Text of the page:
Publishers and the Apple App Store

Everyone knows Apple’s App Store for iOS devices is as closed as they come. Many developers that want a piece of the pie have been able to overcome their fears of rejection. Every one that submits a non-free app to the store agrees to leaving 30% of each sale on the table to Apple for curating the store.

Then there’s the Publishers of this world. They have seen their magazine and newspaper sales decline over the years. It’s their hope that the attractiveness and interactivity of tablets, like the iPad, will turn things around. It seems however that the initial customer-interest in magazine and newspaper apps has since declined. A recent article in the NYTimes suggests the lack of a subscription option lies at the basis of customers’ disappointment in these apps: “They want to subscribe, and they don’t like the idea of paying $4.99 a month.”

Bad digital magazine sales is bad news for the iPad, you would assume. Ironically, it’s Apple that has been rejecting these apps when they added their own implementation of a subscription service. Currently, there are only two ways to sell magazines and newspapers through the App Store and that’s either a new App per issue, or by using the in-app sales model. However, the problem remains the same: consumers have to buy each issue individually. And every time they need to overcome that psychological barrier to pay up, again. With a subscription plan you only have to make that decision once.

In September of last year, the first rumors appeared that Apple was working on its own subscription model. Two months later, these rumors were linked to Rupert Murdoch’s plans to create a newspaper that will be delivered exclusively to tablets —starting with the iPad— through some kind of subscription plan.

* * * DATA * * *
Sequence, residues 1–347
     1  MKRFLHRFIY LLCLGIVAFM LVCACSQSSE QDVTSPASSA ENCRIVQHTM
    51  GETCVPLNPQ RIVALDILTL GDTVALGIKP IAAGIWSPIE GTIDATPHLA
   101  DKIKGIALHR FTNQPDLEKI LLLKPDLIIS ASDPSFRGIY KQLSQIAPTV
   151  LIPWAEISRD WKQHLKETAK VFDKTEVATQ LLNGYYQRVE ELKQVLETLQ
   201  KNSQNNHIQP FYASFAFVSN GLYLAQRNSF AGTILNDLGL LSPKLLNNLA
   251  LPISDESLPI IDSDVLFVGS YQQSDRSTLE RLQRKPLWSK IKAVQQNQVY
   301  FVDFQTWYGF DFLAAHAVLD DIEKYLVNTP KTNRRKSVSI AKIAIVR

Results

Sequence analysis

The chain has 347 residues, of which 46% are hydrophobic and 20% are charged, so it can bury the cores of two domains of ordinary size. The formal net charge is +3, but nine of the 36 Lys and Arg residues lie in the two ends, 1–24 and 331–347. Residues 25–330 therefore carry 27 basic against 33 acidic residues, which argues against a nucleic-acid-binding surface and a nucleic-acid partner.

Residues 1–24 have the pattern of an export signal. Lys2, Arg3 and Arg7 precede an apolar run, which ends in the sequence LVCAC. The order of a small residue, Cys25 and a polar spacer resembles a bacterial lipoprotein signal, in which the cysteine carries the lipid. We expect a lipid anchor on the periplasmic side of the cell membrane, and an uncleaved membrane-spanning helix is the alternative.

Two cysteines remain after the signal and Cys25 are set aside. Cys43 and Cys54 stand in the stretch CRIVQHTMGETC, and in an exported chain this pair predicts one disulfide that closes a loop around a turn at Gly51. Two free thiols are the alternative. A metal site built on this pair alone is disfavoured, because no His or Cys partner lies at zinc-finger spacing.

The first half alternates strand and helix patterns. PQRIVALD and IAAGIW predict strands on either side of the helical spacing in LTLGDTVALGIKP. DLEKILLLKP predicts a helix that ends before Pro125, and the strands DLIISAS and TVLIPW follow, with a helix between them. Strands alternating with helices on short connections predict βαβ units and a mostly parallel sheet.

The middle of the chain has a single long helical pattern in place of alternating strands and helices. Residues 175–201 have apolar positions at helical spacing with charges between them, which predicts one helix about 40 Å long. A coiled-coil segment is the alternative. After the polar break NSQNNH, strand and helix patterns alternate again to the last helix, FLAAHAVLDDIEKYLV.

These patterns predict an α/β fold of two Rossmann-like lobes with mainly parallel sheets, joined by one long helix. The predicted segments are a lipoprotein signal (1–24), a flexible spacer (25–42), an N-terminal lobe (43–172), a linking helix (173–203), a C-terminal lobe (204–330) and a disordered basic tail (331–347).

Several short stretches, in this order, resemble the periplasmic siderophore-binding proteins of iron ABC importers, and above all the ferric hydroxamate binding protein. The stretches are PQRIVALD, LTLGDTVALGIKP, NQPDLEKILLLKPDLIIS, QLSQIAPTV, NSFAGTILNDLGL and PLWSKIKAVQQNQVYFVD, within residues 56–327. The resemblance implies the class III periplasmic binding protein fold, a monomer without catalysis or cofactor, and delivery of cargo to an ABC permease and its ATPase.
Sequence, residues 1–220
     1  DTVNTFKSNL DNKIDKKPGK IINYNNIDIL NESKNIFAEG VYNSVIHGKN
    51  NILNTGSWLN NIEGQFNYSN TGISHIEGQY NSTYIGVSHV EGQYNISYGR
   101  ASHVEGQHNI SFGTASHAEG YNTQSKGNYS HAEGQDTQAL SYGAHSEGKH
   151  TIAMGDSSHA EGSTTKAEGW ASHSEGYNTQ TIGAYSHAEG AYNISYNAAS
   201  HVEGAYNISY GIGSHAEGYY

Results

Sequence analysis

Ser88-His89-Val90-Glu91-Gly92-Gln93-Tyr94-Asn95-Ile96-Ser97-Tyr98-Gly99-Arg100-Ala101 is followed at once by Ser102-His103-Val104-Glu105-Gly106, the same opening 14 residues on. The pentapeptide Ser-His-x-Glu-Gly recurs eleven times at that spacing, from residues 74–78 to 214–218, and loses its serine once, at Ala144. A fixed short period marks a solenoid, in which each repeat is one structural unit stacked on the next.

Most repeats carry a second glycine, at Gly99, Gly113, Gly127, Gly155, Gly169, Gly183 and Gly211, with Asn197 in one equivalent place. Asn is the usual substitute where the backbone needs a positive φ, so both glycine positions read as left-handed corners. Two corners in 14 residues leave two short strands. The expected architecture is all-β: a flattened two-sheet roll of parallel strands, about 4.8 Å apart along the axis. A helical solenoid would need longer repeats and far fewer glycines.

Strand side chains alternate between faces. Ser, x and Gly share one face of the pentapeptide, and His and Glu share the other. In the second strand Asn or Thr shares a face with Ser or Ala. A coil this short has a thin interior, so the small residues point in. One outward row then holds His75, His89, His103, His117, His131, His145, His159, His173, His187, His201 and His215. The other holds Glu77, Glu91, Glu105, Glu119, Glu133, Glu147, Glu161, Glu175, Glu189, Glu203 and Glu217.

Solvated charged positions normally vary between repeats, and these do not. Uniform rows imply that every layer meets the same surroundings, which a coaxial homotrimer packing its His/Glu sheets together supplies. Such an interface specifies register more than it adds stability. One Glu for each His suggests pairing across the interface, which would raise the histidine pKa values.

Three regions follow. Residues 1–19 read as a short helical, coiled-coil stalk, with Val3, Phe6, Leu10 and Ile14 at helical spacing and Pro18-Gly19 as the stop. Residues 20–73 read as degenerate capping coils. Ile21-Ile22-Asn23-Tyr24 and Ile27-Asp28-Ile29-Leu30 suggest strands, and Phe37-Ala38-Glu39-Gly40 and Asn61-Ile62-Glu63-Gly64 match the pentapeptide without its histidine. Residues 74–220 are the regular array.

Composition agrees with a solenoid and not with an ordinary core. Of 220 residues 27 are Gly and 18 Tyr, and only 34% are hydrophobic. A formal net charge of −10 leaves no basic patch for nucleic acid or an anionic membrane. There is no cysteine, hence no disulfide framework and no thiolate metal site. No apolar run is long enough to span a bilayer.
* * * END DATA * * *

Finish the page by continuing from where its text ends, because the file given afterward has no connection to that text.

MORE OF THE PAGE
In preparation of the release of this subscription model, Apple has been telling a number of Dutch and Belgian publishers to cease giving their paper-and-ink subscribers free access to content on the iPad through their newspaper App —by the 1st of April at the latest. They were also told to prepare for an Apple-controlled subscription service through the iTunes store. The consensus was that they weren’t happy with losing control of their subscription data nor with paying Apple 30% of the subscription fees.

It’s completely understandable that these publishers would hate to give up control and to start paying for getting their content delivered to the user. Especially when they already have the infrastructure in place to deliver that content over the internet.

On the other side, Apple has been slowly reinventing itself into the content-delivery business since the launch of the iTunes Music Store in 2003. Since then it has grown considerably, both in registered customers as in content: movies, series, and apps. Now, Apple is preparing to roll out the next step: newspaper and magazine content. And it won’t allow publishers to undercut their position with external subscription deals. The iPad App Store is only a free delivery platform for content (incl. apps) that is effectively free of charge.

Some perspective. When reading Lawrence Lessig’s review of The Social Network, I stumbled onto this comparison between delivery on the web and delivery in the real world.

[..] consider another pair of Massachusetts entrepreneurs, Tom First and Tom Scott. After graduating from Brown in 1989, they started a delivery service to boats on Nantucket Sound. During their first winter, they invented a juice drink. People liked their juice. Slowly, it dawned on First and Scott that maybe there was a business here. Nantucket Nectars was born. The two Toms started the long slog of getting distribution. Ocean Spray bought the company. It later sold the business to Cadbury Schweppes.

At each step after the first, along the way to giving their customers what they wanted, the two Toms had to ask permission from someone. They needed permission from a manufacturer to get into his plant. Permission from a distributor to get into her network. And permission from stores to get before the customer. Each step between the idea and the customer was a slog. They made the slog, and succeeded. But many try to make that slog and fail. Sometimes for good reasons. Sometimes not.

It describes the model that Apple aspires to —albeit now in a more modern package. Apple sees the iPad as a window for developers and publishers into a pond of millions and millions of credit-card bearing customers that have proven they are not afraid to use it. The difference with the story of the two Toms is that Apple is manufacturer, distributor and store-owner. Compared to the story above, this makes the publishers’ lives a little easier: they only need permission once, but they still get to pay up.

update: Apple responds to the growing concerns about exclusive iTunes store sales: External sales are only allowed if the app supports in-app sales as well.

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